The League

Anthony Stalter
National Blogger

Anthony Stalter

Senior Sports Editor for The Scores Report

Rex's hype machine

CLICK TO REACT Facebook

You're being duped.

Everyone thinks the Jets are classless or just craving attention. But the trash talking that Rex Ryan and his players do comes down to one thing: Hype.

This "us vs. the world" mentality has become the Jets' identity under Ryan. We read his comments and we think he's taking pot shots at Tom Brady but what he's really doing is getting himself and his team psyched up.

If he stirs things up with Brady, Ryan knows that he'll catch his player's attention and get them completely focused. If Brady winds up playing with raw emotion instead of using his head, then all the better. But this is a tactic used by Ryan to get his team prepared and that's it.

John Henderson used to have one of the Jaguars' team employees smack him as hard as they could across his face before games. Other players grab each other's facemaks and head butt like two rams doing battle in an open field. Many others listen to loud music, scream, chant or pray.

These are all motivational tactics and most of them are widely accepted. We as fans have come to understand and accept these rituals because we want our team to be as pumped up as possible.

But we want the Jets to just shut up and play.

Think about it though, the Jets do all this trash talking and then as soon as their opposition strikes back, they make it out to be like they're the ones being disrespected. Do you know how insane that is? Nobody in his or her right mind would call the opposing quarterback an a-hole and then get offended when one of the a-hole's receivers takes a few pot shots at their head coach. But the Jets do.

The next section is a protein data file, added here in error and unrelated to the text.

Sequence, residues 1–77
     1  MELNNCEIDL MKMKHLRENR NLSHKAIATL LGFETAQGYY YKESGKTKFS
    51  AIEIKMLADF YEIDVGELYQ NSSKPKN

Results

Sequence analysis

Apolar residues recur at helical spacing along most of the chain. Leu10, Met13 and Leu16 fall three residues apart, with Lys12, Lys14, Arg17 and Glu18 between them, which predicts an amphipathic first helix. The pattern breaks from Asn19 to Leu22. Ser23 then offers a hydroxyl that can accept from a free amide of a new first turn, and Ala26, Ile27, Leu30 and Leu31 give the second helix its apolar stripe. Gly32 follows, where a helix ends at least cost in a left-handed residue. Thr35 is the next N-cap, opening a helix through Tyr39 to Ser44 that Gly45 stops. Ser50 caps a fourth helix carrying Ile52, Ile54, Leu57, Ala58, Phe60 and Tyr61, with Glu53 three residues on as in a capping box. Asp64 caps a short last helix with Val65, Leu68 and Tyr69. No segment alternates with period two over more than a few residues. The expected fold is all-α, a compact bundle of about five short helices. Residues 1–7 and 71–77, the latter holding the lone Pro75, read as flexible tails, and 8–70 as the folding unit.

It's a mental thing - that's all it is. Ryan gets them all hopped up during the week thinking that they're the ones being disrespected that by opening kickoff, his players are ready to tear their opponent to pieces. Did you see Bart Scott's interview with Sal Paolantonio after the Jets beat the Patriots? He looked like a caged animal roaming back and forth ready to pounce on its next victim. He made it out to be that everyone was against the Jets, yet it was because of the Jets that everyone was against them.

Again, nobody is this crazy - this is just what they do.

Are the Jets good for the NFL? Absolutely. Do you know how many people tuned into that game last Sunday? Forty-three million. That's a new Divisional viewing record and not all of those people tuned in just because it was the Patriots. They either watched because they wanted to see New England shut the Jets up or to watch Ryan and company back up their talk. They got the latter, which was definitely the more entertaining of the two options. (Unless you were a Patriots fan.)

The NFL doesn't want all of this trash talking to turn into the "Don King Hour" but the league could stand to spice things up a little. I love my football as pure as anyone, but the NFL gaining a bigger audience isn't a bad thing. You may not like the Jets' bravado, but tell me you don't love rooting against them. Tell me you won't tune into this weekend's AFC Championship Game just to see if the Steelers can finally put some duct tape over Ryan's mouth. Tell me how this is any different from the old Oakland Raiders teams that used to rile everybody up with their brash antics? You may have hated them too but you would tune in hoping to see them fail.

In the end, don't be fooled though. The Jets know what they're doing. They want you to hate them. It's their way of getting you to smack them as hard as possible across the face so that when they walk onto Heinz Field on Sunday, it's them versus the world.

By Anthony Stalter  |  January 18, 2011; 12:32 PM ET  | Category:  AFC , New England Patriots , New York Jets , Playoffs Save & Share:  Send E-mail   Facebook   Twitter   Digg   Yahoo Buzz   Del.icio.us   StumbleUpon   Technorati  
Previous: Please shut up | Next: Talk big, win bigger

Post a Comment




characters remaining

 
RSS Feed
Subscribe to The Post

© 2011 The Washington Post Company